A wide variety of issues from takeaways and health to domestic violence and the area’s street cleaning services were discussed by local councillors.
The meeting of the inner south area committee, held at Tenants Hall Enterprise Centre in Middleton, saw councillors from all three local wards discuss important issues.
Councillors discussed obesity in the area and Cllr Paul Truswell raised the issue of the number of unhealthy hot food takeaways, particularly down Dewsbury Road.
Cllr David Congreve said it was difficult for the council to oppose new plans and stop the spread of takeaways, as applicants were appealing to independent planning inspectors if the council refused the plans and winning the appeal.
“We rejected one application on the grounds there were 34 takeaways within a square mile in Beeston and that they were damaging the area – not just from a health standpoint but that their shutters are down all day and it looks bad. It doesn’t help the area’s shops.
“Anyway, they went to appeal, got planning permission and the council got £12,000 costs awarded against us.”
Cllr Congreve said educating people not to eat a lot of takeaway food was important.
Councillors also heard of efforts to reduce the amount of domestic violence in the area. Domestic violence accounted for a third of all violent crimes in City and Holbeck Division in 2011.
A full report of the meeting will be in the next issue of South Leeds Life magazine, whoch is out later this month.
The next inner south committee meeting is on Wednesday, Feb 13 at Leeds Civic Hall (6.30pm). Residents welcome to attend.
What do you think? Are there too many takeaways in Dewsbury Road and in South Leeds in general? Have your say in the comments below.
4 Replies to “Dewsbury Road takeaways discussed by councillors”
I believe this is to provide employment within minority groups.
If you think there are so many available, they can not all have large profit margins. However by working many individuals will then be able to claim many in work benefits such as Tax credits, (soon to be replaced by welfare reforms) these seriously increase the individuals income.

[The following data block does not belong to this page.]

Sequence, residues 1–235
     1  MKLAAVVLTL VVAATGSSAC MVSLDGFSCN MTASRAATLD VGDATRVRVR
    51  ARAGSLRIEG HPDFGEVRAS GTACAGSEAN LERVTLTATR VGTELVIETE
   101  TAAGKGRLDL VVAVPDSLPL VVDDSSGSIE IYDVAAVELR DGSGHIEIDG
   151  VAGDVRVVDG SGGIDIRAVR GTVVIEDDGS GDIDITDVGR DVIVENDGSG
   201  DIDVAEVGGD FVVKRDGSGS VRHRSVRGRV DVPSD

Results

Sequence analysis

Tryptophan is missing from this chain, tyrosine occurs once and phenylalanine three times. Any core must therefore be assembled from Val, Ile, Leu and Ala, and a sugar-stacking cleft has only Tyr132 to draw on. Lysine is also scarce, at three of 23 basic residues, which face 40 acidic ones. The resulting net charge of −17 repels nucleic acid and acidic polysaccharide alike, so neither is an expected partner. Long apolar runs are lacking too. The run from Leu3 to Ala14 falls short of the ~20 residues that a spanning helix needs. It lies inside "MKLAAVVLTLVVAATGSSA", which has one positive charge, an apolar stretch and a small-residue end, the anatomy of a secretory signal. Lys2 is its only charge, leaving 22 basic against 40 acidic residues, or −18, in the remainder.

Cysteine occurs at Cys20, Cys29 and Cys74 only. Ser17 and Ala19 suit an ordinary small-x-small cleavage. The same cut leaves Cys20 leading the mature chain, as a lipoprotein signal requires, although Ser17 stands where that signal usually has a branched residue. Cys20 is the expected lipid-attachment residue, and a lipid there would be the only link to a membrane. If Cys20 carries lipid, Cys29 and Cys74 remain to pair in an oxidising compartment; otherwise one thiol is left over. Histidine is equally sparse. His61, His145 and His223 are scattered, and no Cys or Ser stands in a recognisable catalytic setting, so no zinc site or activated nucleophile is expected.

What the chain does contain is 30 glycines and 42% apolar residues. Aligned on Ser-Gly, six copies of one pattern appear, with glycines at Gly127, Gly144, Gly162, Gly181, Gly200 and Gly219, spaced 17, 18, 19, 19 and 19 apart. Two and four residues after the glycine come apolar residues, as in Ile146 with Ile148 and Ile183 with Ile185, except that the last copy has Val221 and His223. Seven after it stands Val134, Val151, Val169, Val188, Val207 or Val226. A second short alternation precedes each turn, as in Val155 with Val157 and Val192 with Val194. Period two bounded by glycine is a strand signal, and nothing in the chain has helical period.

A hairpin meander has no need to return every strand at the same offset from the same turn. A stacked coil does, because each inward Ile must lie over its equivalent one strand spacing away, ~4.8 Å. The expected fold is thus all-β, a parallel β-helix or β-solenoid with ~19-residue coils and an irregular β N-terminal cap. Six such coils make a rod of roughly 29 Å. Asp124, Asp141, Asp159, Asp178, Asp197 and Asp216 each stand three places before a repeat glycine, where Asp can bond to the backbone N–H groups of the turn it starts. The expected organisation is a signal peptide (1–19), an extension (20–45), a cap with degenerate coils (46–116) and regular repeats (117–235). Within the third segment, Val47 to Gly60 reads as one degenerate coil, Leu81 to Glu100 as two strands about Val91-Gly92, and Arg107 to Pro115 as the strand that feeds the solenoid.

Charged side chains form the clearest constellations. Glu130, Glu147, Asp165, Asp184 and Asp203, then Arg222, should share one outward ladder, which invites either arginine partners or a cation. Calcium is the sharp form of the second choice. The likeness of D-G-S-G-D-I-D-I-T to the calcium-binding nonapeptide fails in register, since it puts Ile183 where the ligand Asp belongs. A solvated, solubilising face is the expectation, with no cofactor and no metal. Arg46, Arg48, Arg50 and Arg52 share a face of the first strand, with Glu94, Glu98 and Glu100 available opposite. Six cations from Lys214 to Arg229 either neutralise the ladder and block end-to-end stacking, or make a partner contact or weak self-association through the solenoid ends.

Makes area look a right dump to be honest…..ridiculous multi-coloured signs,plastic and paint jobs and many look very unappealing.Brings down the whole area.
On takeaways I think there are two issues. Who uses them? Maybe we need some research so that interventions pointing out the bad effects of living on fast food and targeted courses on healthy eating could be provided? What other businesses are going to be viable? The only sector that seems to be growing locally is charity shops. One of the problems is that we have too many shop premises for the current market…
I think that the other issue referred to above is more important. It may be that the high proportion of violent crime being domestic violence indicates more incidents are being reported which must be positive. Clearly a reduction in domestic violence is what we want to achieve but the first step may be an increase in its reporting and an increase in people’s (mainly women’s) confidence that they can report it, it will be treated sensitively and victims don’t have to be victims – they don’t have to put up with it.
If anyone is worried about obesity in the area the council should re-open South Leeds Sports Centre and ensure the golf course remains open beyond one year. Takeaways are preferable to empty shops. i like to see people in our community, whoever they are making a go of things even if it is a hot food outlet. I admire their courage to do so in such hard times. Of course I would love to see ‘real’ shops but this will never be achieved if we allow any more large supermarkets to move in and monopolise trade.
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